She’s 28, she goes by the name “Charlie,” and she and her husband, along with their four children, ages 2 to 7, are living out of a van in northeast Lacey. They both work, but they say they still have been homeless since October 2016.
They have been camping in northeast Lacey this past week, but previously stayed in a grocery store parking lot until they were told to leave.
“It’s unfortunate,” she said about a recent Lacey City Council proposal to ban camping on public property. “We’re not ruffians, we’re literally a family. We’re just trying to keep going.”
She said her children have food and clean clothes. “We have everything we need except for an actual house,” she said.
“Charlie” declined to share her real name with The Olympian, saying that given her situation, she is worried about the state taking her children away from her.
She said she and her husband both work for a rehab center she wouldn’t name.
“I am not an addict,” she quickly added.
If Lacey City Council approves a camping ban, it likely would affect people like Charlie and her family. To what extent is not clear, although the proposed ordinance does contain language that could result in a fine or jail time.
That proposal, which was first heard by a council general government committee and then forwarded to the larger council, was set to be voted on two weeks ago. But a large gathering of people showed up to contest the proposal and the council set the ordinance aside so it could be discussed further.
City officials said Thursday said they are not unsympathetic to issues of poverty. City Manager Scott Spence said the city has awarded community development block grants to address the need for food and housing. The city also has agreed to waive building permit fees for South Puget Sound Habitat for Humanity, a group known for getting those with lower incomes into homes.
But the fact remains: There is no city law to address camping on public property.
“We have no authority for camping on public property,” Lacey Police Chief Dusty Pierpoint said, adding that most of it is addressed through voluntary compliance.
The city has encountered some issues that needed to be addressed.
Spence said that for the last three or four months, a person was living out of a vehicle in the parking lots near City Hall and Lacey Timberland Library, and leaving behind human excrement. People also have been camping in northeast Lacey, Woodland Square Loop, and in a tunnel that runs underneath Sleater-Kinney road near Interstate 5. Human waste has been found there, too, Pierpoint said.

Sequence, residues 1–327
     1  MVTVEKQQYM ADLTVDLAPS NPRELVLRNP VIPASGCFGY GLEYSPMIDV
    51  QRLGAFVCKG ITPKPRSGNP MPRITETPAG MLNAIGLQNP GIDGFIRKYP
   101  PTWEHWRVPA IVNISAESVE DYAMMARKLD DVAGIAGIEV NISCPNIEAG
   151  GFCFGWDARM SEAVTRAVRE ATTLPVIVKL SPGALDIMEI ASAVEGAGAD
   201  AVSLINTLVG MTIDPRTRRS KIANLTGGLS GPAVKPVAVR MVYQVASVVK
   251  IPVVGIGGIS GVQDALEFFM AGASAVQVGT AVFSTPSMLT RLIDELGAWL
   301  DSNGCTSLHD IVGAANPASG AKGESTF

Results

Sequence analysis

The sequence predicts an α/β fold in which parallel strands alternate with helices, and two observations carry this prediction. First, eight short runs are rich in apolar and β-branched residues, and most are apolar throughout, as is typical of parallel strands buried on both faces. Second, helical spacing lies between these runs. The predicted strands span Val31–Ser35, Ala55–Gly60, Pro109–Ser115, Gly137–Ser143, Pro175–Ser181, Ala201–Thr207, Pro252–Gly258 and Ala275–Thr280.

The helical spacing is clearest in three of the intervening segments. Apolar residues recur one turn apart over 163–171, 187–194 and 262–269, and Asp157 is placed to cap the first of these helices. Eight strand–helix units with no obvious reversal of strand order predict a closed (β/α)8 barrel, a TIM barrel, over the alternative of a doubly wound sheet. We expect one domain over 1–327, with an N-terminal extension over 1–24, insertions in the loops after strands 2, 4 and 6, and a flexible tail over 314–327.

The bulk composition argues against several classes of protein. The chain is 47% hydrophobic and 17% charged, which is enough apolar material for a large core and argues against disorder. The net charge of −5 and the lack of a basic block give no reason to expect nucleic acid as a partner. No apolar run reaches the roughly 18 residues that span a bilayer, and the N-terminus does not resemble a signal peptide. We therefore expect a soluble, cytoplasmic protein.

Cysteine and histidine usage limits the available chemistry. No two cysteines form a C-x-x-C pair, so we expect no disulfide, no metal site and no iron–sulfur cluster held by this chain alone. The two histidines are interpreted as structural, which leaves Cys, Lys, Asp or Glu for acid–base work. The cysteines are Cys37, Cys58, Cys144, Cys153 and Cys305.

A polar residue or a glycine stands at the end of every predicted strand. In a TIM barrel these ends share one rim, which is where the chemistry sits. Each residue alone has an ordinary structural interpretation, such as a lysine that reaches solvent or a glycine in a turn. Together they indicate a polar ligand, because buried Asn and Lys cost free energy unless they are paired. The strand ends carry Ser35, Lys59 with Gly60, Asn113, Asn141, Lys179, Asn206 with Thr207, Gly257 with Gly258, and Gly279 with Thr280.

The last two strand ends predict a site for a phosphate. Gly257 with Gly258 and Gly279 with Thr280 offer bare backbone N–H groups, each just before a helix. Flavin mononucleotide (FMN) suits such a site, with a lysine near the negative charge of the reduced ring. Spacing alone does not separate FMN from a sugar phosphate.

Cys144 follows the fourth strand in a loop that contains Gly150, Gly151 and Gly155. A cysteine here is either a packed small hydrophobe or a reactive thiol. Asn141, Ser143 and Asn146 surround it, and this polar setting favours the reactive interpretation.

People have complained to the city, Spence said.
“We’re trying to respond to business owners and our own personal concerns,” he said.
A boat or trailer can’t be parked on a Lacey street for more than 24 hours, yet there’s nothing to address living out of a vehicle. Living in an RV is not compatible with a neighborhood or a business district because there are unintended consequences, Spence said.
The city of Seattle currently is dealing with a similar issue, and Olympia has weighed or approved similar ordinances over the years.
Chief Pierpoint added that even if the ordinance is approved, his officers will continue to work with people rather than arrest them. He said he views some of the more stringent aspects of the proposed ordinance as a “last resort.”
Steve Ells, 71, of Spokane is living in northeast Lacey in his RV. Like Charlie, he says he was previously in a grocery store parking lot until he was told to leave. He said he doesn’t earn enough from Social Security to live in a house, so he lives in his RV, splitting his time between Washington state and Arizona.
After learning about Lacey’s proposal, Ells said he can’t understand why there’s such prejudice against people who don’t live in a house.
“We should have a right to be anywhere,” he said.
Ells said he keeps a tidy RV and spends money in Lacey. He also hopes to come back every year.
Deputy Mayor Cynthia Pratt, who sits on the general government committee, said committee members did not view the proposed camping ordinance as a homelessness issue. However, she now realizes the city needs to come up with some solutions.
“We need to take our time and do it correctly rather than jump into it,” she said. “It’s obviously a much bigger issue than we thought.”